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Over the last few years, a new mode for imaging in the scanning transmission electron microscope (STEM) has gained attention as it permits the direct visualization of sample conductivity and electrical connectivity. When the electron beam (e-beam) is focused on the sample in the STEM, secondary electrons (SEs) are generated. If the sample is conductive and electrically connected to an amplifier, the SE current can be measured as a function of the e-beam position. This scenario is similar to the better-known scanning electron microscopy-based technique, electron beam-induced current imaging, except that the signal in the STEM is generated by the emission of SEs, hence the name secondary electron e-beam-induced current (SEEBIC), and in this case, the current flows in the opposite direction. Here, we provide a brief review of recent work in this area, examine the various contrast generation mechanisms associated with SEEBIC, and illustrate its use for the characterization of graphene nanoribbon devices.
Atomically resolved imaging of materials enabled by the advent of aberration-corrected scanning transmission electron microscopy (STEM) has become a mainstay of modern materials science. However, much of the wealth of quantitative information contained in the fine details of atomic structure or spectra remains largely unexplored. In this article, we discuss new opportunities enabled by physics-informed big data and machine learning technologies to extract physical information from static and dynamic STEM images, ranging from statistical thermodynamics of alloys to kinetics of solid-state reactions at a single defect level. The synergy of deep-learning image analytics and real-time feedback further allows harnessing beam-induced atomic and bond dynamics to enable direct atom-by-atom fabrication. Examples of direct atomic motion over mesoscopic distances, engineered doping at selected lattice sites, and assembly of multiatomic structures are reviewed. These advances position the scanning transmission electron microscope to transition from a mere imaging tool toward a complete nanoscale laboratory for exploring electronic, phonon, and quantum phenomena in atomically engineered structures.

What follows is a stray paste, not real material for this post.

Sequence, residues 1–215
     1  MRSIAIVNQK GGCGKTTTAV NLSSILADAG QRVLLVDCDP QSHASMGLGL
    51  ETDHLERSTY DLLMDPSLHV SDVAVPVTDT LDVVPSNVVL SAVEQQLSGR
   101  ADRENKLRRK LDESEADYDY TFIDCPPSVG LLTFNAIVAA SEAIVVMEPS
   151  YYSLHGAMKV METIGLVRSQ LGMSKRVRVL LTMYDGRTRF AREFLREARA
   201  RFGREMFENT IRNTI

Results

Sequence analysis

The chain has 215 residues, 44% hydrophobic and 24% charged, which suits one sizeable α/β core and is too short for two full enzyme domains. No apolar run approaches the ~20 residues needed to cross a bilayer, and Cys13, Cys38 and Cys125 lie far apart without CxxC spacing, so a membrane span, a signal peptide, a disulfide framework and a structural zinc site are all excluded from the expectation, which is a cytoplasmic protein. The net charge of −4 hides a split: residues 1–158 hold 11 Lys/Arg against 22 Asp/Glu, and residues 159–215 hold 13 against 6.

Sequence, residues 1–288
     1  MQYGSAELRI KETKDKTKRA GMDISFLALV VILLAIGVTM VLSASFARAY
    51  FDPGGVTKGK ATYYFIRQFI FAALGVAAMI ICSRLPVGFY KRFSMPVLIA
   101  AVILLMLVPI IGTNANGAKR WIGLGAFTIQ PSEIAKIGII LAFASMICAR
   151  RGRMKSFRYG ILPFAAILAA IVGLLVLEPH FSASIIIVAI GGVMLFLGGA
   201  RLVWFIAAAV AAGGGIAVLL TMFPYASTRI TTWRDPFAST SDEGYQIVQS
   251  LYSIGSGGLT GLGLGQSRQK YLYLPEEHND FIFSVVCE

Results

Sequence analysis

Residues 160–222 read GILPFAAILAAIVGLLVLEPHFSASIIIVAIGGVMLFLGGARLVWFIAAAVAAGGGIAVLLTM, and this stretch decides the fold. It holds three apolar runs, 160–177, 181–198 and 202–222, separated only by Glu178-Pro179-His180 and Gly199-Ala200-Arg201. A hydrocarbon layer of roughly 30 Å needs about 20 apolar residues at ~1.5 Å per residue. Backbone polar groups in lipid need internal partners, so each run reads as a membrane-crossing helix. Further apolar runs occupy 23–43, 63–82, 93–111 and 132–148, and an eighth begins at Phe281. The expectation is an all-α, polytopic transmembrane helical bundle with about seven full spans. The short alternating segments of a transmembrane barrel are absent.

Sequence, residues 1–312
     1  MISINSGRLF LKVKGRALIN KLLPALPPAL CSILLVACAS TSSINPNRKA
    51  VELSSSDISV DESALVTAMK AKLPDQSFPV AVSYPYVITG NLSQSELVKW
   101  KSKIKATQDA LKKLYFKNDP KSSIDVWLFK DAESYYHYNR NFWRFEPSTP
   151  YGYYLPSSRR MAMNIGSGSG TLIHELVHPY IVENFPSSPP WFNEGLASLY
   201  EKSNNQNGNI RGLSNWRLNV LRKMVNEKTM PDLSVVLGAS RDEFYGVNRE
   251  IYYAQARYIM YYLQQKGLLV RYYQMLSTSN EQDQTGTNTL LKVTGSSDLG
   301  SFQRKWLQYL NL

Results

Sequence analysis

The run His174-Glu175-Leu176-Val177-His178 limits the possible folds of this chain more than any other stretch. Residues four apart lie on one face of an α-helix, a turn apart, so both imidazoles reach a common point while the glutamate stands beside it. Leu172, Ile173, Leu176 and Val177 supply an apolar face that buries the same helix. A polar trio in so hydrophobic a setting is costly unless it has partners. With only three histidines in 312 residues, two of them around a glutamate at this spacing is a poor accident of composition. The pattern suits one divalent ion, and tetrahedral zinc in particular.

The correction of aberrations in the scanning transmission electron microscope (STEM) has simultaneously improved both spatial and temporal resolution, making it possible to capture the dynamics of single atoms inside materials, and resulting in new insights into the dynamic behavior of materials. In this article, we describe the different beam–matter interactions that lead to atomic excitations by transferring energy and momentum. We review recent examples of sequential STEM imaging to demonstrate the dynamic behavior of single atoms both within materials, at dislocations, at grain and interface boundaries, and on surfaces. We also discuss the effects of such dynamic behavior on material properties. We end with a summary of ongoing instrumental and algorithm developments that we anticipate will improve the temporal resolution significantly, allowing unprecedented insights into the dynamic behavior of materials at the atomic scale.